Historical dramas became a popular genre thanks to films by Has (Rekopis Znaleziony w Saragosie/ Manuscript of Saragossa, 1964), Wajda (Popioly/ Ashes, 1965) and Kawalerowicz (Faraon/ Pharaoh, 1966). In the next generation the master of this genre was Jerzy Hoffman, who adapted two novels by Henryk Sienkiewicz, both starring Daniel Olbrychski: Pan Wolodyjowski/ Colonel Wolodyjowski (1969), set in the 17th century during the Ottoman invasion of Poland and photographed by Jerzy Lipman, and the five-hour Potop/ The Deluge (1974), set in the 17th century during the Swedish invasion of Poland and photographed by Jerzy Wojcik. But the blockbuster of historical melodramas was Jerzy Antczak's Noce i Dnie/ Nights and Days (1975), a sort of Polish Gone with the Wind, the adaptation of Maria Dabrowska's four-volume family saga. Jerzy Kawalerowicz's period movie and docudrama Smierc Prezydenta/ Death of a President (1977) was his most visually arresting film.

Another exile was Andrzej Zulawski, who moved to France after his Diabel/ The Devil (1972) was banned in Poland, and made the horror movie Possession (1981) in English.

Tadeusz Konwicki directed the oneiric, hybrid, cine-essay Jak Daleko Stad, Jak Blisko/ How Far from Here, Yet How Near (1972) about the existential crisis of an entire generation.

A particularly important strand of Polish cinema of the late 1970s was "kino moralnego niepokoju" (cinema of moral anxiety), a term coined in 1979 by Andrzej Wajda and Janusz Kijowski during their speech at the Festiwal Polskich Filmow Fabularnych (Polish Film Festival) in Gdansk, which attacked the communist regime for suppressing artistic freedom. They were referring to films that exposed corruption, incompetence and failure, films which were discouraged in the first place and banned if actually made and distributed. Besides films of the older generation like Wajda's Czlowiek z Marmuru/ Man of Marble (1976) and Zanussi's Barwy Ochronne/ Camouflage (1977), starring Zbigniew Zapasiewicz, this new movement launched the careers of several new filmmakers. Two of the most important Polish filmmakers of the future debuted in this vein: Krzysztof Kieslowski with Personel/ Personnel (1975) and Przypadek/ Blind Chance (1977), and Agnieszka Holland with Aktorzy Prowincjonalni/ Provincial Actors (1978).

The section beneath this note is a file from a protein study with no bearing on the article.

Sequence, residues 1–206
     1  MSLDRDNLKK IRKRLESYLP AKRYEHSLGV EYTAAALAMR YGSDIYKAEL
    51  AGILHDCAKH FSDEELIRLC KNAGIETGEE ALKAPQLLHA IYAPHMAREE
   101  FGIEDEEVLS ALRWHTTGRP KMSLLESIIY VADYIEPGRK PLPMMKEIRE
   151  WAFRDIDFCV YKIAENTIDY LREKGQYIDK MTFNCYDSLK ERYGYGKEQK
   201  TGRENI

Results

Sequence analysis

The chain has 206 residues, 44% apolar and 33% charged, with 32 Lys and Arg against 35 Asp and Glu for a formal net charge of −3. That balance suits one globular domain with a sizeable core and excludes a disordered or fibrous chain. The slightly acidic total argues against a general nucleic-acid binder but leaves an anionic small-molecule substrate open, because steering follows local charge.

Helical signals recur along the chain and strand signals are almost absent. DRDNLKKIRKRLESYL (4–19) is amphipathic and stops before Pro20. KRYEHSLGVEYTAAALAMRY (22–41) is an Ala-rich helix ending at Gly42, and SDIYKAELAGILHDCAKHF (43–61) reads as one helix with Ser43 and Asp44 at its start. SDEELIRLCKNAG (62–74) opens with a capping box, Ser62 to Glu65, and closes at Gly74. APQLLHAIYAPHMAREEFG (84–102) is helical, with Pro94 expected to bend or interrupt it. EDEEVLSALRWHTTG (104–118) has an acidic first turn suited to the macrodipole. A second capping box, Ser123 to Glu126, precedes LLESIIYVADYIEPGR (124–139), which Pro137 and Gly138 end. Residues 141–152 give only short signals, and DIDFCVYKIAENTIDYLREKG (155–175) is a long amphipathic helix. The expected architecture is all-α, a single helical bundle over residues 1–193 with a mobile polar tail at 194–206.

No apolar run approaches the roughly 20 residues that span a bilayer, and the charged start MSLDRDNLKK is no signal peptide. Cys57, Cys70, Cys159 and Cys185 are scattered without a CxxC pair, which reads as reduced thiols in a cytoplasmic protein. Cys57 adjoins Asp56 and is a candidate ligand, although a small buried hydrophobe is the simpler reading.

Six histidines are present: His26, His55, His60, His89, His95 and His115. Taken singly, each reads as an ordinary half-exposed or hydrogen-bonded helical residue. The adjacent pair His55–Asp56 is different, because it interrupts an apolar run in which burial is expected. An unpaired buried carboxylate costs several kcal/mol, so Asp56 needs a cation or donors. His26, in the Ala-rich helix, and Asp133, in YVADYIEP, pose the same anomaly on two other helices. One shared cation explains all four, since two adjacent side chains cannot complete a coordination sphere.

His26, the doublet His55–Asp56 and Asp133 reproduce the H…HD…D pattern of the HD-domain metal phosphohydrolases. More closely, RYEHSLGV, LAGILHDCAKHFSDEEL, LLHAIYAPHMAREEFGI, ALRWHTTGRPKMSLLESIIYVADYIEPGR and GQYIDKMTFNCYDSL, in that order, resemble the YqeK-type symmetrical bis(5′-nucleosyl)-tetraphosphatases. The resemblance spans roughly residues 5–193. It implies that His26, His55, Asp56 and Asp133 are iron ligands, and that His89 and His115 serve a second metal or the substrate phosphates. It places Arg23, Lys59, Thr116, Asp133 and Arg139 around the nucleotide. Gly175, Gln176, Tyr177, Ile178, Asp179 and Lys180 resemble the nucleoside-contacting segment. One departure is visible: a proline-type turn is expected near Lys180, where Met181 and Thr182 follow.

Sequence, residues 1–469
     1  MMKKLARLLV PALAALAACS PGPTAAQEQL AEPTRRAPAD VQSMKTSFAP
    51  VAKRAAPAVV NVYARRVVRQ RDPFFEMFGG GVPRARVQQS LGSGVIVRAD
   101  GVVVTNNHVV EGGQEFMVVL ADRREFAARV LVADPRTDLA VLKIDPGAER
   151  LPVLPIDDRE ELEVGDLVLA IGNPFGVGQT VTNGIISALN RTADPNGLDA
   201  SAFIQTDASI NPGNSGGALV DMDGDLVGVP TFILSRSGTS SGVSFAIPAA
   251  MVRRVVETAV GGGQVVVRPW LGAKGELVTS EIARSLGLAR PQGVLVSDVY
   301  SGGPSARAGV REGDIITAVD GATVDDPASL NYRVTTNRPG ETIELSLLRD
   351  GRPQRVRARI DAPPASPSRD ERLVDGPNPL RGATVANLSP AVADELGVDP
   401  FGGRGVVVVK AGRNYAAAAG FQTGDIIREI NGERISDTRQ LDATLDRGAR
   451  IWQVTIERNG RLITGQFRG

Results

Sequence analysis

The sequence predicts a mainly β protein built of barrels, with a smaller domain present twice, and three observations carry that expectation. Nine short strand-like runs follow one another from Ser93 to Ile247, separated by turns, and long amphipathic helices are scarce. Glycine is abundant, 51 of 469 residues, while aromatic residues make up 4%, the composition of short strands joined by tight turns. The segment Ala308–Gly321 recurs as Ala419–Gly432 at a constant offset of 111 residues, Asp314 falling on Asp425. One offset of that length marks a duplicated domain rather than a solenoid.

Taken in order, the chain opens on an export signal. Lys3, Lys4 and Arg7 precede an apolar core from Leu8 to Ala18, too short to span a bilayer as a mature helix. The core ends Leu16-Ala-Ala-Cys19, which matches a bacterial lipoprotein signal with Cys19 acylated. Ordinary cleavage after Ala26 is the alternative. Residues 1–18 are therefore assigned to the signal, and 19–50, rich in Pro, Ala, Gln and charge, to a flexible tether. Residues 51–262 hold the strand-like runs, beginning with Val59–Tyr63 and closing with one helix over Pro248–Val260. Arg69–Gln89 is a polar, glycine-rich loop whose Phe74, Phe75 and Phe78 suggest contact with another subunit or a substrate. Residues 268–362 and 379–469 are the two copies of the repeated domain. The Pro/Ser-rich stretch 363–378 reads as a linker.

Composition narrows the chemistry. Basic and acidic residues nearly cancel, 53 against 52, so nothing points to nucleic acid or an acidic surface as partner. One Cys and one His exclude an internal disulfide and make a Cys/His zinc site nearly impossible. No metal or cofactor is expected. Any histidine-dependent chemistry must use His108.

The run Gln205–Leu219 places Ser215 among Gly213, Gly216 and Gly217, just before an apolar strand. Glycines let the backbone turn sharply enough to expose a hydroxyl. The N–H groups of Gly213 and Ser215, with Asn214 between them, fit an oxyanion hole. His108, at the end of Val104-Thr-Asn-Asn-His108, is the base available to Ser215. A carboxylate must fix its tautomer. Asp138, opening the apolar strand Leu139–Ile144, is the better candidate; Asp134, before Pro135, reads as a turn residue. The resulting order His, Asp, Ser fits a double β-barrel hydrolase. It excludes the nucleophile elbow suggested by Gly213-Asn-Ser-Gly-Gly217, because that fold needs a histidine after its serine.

Edward Zebrowski (born Edward Bernstein), who co-wrote several of Zanussi s films, staged his moral dilemmas in wartime: Szpital Przemienienia/ The Hospital of Transfiguration (1979), adapted from a Stanislaw Lem story, about the reaction of the staff when the Germans decide to kill all the patients of a mental asylum, and W Bialy Dzien/In Broad Daylight (1980), adapted from Wladyslaw Terlecki, about the reaction of a young man of the Resistance when he is tasked with assassinating a Polish collaborator of the Russian secret police.

Other films of this movements were: Janusz Kijowski's Indeks (1977) and Kung-fu (1979), both about the 1968 generation; Feliks Falk's vitriolic Wodzirej/ Top Dog (1978) and Szansa/ Chance (1979), two collaborations with actor Jerzy Stuhr; Piotr Andrejew's Klincz/ Clinch (1979); Ryszard Bugajski's jarring anti-communist Przesluchanie/ Interrogation (1982, banned until 1989), set in the 1950s and starring Krystyna Janda; etc. Jerzy Stuhr and Zbigniew Zapasiewicz were the iconic actors of this movement.

Surprisingly, several TV series helped to propel this genre into the mainstream, which was fundamentally critical of communism, into the mainstream, notably Zbigniew Chmielewski's Dyrektorzy/ Directors (1975).